The ones I watched were jerky and short shots, jumping from scene to scene of various incidents. I’m not sure if due to filming or my internet capabilities. The poor fella who was kneecapped, Well he had obviously broken his restraints and was giving the handlers a well-deserved rubbing for their incompetency and was shot, why the hell the bloke with the gun didn’t shoot him in the head  is beyond me. I don’t know if these animals had to meet Halal, from what I’ve read concerning halal then the stress of the animal and pain wasn’t Halal anyway and therefore I don’t think relevant to defence of the treatment inflicted on these animals.

This is not how I would like my animals to be  treated if they happened to be sent there and there is absolutely no doubt that it was a disgraceful display of animal handling ability. As for being the worst I have seen, this was bad but no the animal with a broken leg tortured in Indonesia footage filmed 2010 was by far worse.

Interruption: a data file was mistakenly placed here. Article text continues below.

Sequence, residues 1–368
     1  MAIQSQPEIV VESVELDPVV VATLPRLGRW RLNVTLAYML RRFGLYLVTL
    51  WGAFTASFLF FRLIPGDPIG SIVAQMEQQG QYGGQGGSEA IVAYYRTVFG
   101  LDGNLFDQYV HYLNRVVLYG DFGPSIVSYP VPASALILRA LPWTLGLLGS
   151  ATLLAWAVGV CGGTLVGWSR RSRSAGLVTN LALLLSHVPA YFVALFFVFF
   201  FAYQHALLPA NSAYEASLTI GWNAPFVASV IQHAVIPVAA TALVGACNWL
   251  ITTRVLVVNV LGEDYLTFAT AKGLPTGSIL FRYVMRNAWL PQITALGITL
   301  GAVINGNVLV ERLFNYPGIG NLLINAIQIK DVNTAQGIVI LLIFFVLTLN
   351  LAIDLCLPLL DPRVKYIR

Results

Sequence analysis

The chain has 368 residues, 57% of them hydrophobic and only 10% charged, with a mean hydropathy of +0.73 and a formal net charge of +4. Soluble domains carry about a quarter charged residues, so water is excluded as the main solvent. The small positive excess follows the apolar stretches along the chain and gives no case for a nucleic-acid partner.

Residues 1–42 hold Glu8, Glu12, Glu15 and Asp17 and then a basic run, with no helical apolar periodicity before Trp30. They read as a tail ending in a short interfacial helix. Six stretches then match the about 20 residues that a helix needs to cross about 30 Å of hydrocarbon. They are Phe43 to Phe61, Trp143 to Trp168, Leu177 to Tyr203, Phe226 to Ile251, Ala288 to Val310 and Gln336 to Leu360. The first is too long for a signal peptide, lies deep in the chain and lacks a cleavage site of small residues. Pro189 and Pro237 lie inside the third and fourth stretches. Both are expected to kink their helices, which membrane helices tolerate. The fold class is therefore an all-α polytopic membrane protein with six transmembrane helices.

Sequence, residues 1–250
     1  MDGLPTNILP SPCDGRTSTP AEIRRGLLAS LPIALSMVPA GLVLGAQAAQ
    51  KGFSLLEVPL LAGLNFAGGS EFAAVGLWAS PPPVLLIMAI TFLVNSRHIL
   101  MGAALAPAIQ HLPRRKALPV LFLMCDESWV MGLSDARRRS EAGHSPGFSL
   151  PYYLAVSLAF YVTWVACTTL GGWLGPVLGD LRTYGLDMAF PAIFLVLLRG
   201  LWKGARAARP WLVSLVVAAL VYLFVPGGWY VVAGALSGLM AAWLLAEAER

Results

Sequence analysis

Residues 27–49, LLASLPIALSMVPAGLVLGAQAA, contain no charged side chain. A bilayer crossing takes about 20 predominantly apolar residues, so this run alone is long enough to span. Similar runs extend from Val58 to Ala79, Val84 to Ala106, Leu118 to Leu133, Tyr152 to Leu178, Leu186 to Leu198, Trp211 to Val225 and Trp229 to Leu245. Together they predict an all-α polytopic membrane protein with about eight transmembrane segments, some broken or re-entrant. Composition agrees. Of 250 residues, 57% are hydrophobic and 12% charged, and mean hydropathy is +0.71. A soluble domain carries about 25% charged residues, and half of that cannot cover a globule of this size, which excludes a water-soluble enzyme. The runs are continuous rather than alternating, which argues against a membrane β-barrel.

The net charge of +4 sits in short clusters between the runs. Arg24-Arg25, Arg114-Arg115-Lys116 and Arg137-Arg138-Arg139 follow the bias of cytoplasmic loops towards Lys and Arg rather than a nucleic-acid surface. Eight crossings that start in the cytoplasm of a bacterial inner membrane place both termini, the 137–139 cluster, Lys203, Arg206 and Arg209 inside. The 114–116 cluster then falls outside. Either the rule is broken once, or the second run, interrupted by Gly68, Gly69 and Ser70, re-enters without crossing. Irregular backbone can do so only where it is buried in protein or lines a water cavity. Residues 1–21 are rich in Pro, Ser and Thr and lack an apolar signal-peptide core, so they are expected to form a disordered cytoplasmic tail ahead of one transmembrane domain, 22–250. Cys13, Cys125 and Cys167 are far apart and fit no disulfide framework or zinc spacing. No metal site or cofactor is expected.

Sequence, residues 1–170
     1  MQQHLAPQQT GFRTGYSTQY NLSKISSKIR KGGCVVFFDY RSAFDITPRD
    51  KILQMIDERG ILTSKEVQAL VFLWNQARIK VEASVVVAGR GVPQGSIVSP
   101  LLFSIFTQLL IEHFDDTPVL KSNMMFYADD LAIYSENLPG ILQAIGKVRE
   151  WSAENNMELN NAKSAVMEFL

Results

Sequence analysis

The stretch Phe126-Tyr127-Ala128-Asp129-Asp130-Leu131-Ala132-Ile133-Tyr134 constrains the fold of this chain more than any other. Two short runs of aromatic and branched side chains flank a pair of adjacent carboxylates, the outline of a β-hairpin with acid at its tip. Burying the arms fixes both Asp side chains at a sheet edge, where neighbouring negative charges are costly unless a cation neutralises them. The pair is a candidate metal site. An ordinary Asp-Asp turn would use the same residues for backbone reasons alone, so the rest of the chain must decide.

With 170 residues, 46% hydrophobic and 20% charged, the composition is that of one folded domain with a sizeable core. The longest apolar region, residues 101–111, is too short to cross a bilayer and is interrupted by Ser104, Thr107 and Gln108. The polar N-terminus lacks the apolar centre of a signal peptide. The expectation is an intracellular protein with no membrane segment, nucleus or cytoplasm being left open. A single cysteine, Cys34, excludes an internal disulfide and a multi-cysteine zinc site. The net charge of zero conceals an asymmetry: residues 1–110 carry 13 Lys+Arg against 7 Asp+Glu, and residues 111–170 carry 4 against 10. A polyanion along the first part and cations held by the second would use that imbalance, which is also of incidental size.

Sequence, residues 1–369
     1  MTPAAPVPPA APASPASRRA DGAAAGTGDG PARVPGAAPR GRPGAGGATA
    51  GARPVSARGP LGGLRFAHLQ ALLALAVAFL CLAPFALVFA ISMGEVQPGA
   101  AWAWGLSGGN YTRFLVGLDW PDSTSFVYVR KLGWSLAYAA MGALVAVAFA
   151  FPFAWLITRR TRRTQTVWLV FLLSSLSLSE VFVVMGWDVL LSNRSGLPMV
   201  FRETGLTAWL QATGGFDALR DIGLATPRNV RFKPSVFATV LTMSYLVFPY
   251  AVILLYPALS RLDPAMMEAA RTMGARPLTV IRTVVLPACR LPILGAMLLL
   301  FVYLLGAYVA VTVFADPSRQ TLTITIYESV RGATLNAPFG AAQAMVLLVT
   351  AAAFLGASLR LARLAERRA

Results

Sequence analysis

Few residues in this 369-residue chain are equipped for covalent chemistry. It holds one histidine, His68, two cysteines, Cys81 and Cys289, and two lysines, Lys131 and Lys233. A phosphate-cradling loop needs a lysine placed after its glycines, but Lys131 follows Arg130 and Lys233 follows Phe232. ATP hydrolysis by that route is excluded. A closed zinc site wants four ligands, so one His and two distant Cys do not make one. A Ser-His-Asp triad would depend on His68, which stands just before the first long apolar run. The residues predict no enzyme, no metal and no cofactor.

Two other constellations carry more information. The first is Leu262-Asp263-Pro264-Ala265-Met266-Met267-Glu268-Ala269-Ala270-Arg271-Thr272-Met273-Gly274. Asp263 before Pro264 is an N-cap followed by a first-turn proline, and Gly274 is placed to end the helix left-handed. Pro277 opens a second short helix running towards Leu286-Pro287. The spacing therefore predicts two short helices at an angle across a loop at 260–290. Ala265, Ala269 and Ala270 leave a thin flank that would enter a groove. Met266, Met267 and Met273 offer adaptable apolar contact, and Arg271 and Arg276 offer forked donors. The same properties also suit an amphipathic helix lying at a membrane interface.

As far as I know I have never sold to LSS and I don’t know of orders they have had in the past in the NT therefore it is easy to say for me I wouldn’t sell to them, but I do feel for the producers who supplied these animals. There is a degree of good faith the producer has to place in the fact that an exporter must have pre-approved supply chains through the Australian Livestock export standards and then ESCAS to be allowed to export animals. It is not the producer I feel is accountable here it is the exporter and their responsibilities to uphold the requirements of ESCAS. Failure to do so should invoke very stiff penalties.

The jury is out on who these Gaza animals were and their origin, I don’t trust Animals Australia and as the usual blind devotee to AA, RSPCA have jumped in to add their voice instantaneously to the choir of calling a ban. These animal rights groups are not judge jury and executioner as they seem to think they are, just the accuser. LSS, the WA based exporter who is charged with supplying these animals deserves a right of reply to defence. For that we need to wait. In the new found world of social media that is a foreign concept.